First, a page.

Two articles in today's New York Times caught my eye: Energy Firms in Secretive Alliance With Attorneys General, and Thomas Friedman's column How ISIS Drives Muslims From Islam. The first describes how State Attorneys General submit to Congress letters written for them by energy executives, and the second how a growing number of Muslims, sickened by ISIS, are turning from Islam to Christianity or atheism. In the latter, Friedman describes how Dr. Alyaa Gad, an Egyptian doctor living in Switzerland, started a hashtag which translates as why we reject implementing Shariah. She said, I have nothing against religion, but I am against using it as a political system.
Bingo, I thought. And the energy people are using capitalism as a political system.
I have lived in Montreal for most of my life. Quebec politics are interesting, although they are perhaps slightly to the left of the mean in the USA. We have single-payer health care, for example. But what I wanted to bring up was that René Levèsque, the founder of the Parti Québecois, was instrumental in bringing in some of the best campaign finance law in North America. We felt the benefit in last April's provincial election, when Pauline Marois, the Premier and head of Levèsque's Parti Québecois, was ousted in a drubbing that surprised everyone. She had become demagogic, and no amount of money could save her from the voters.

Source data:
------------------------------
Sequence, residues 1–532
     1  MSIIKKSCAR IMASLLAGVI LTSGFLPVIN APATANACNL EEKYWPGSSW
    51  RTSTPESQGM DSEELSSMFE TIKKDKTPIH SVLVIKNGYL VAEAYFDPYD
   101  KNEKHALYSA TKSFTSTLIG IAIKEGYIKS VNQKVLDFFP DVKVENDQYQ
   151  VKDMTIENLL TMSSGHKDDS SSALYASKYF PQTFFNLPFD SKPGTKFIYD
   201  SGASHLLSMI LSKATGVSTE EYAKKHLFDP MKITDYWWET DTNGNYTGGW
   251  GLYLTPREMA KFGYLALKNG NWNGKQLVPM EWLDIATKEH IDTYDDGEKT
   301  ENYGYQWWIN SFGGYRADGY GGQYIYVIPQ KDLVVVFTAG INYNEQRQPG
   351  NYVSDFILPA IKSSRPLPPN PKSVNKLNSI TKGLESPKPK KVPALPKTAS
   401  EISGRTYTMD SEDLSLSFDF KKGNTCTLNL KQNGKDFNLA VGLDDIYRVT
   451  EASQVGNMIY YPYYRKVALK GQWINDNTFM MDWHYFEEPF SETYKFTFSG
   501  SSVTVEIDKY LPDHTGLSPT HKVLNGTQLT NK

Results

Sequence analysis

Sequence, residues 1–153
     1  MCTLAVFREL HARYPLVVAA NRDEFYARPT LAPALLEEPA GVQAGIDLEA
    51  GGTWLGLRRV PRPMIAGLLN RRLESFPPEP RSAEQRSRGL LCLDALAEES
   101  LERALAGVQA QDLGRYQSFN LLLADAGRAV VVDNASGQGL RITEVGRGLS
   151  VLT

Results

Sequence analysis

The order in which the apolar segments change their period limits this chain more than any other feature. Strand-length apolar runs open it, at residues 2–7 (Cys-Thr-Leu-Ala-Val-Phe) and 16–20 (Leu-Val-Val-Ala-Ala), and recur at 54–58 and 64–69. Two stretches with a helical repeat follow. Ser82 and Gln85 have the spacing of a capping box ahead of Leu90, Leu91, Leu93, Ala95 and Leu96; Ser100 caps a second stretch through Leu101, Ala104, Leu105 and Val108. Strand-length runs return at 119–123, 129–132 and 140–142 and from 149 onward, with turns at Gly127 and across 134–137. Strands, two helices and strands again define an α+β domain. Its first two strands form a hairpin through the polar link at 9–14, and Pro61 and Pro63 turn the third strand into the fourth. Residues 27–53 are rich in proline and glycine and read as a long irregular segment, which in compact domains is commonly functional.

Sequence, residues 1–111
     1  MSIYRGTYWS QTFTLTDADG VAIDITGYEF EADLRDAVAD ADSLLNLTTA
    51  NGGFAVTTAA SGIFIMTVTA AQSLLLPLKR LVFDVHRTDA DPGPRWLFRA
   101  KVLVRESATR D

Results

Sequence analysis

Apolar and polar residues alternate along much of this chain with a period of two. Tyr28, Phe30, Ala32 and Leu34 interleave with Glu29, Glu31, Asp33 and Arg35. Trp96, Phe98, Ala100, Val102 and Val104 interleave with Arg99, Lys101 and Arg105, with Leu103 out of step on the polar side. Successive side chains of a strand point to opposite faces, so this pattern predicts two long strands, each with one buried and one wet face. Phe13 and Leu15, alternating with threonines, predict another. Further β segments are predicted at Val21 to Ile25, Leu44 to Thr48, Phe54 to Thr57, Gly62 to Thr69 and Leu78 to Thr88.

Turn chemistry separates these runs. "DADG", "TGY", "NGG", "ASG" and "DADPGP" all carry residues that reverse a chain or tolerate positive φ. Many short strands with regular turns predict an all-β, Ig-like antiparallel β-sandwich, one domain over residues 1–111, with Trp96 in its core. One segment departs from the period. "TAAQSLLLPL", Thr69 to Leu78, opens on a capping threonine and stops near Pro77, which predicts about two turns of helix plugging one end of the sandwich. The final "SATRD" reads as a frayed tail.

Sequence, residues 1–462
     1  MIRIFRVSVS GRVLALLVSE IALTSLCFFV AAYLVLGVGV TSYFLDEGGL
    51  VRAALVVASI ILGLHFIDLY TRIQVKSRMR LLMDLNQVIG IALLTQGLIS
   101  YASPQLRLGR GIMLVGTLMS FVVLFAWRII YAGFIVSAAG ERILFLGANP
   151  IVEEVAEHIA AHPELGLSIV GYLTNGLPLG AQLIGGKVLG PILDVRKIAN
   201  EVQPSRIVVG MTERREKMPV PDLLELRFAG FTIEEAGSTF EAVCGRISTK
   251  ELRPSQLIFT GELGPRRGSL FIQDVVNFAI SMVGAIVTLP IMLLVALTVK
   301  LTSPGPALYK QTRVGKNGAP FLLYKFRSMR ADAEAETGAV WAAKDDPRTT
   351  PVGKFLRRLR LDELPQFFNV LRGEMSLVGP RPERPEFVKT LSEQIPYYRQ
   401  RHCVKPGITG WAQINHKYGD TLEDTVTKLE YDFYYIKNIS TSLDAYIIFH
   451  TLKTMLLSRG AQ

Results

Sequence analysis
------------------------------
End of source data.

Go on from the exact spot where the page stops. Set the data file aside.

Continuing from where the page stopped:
Don't get me wrong. Quebec is not perfect, nor is Canada. A leftist, government knows best system breeds an entrenched civil service. It is sometimes not pretty, and it gets really nasty when it comes to software. Hint: Obamacare liftoff. But on the whole, I am content – or at least resigned. Because politics is politics.
Back in the USA
My wife grew up in the USA. Our kids and grandkids are there. Even I spend several months of the year there, visiting them. I am the only one in my family who is not a citizen and can't vote down south. But that doesn't stop me from stupefaction when I consider that in the USA, thanks to Citizens United, a corporation is, in effect, a super-citizen. Capitalism is great, and I love the openness to innovation it makes possible, but it is not a political system.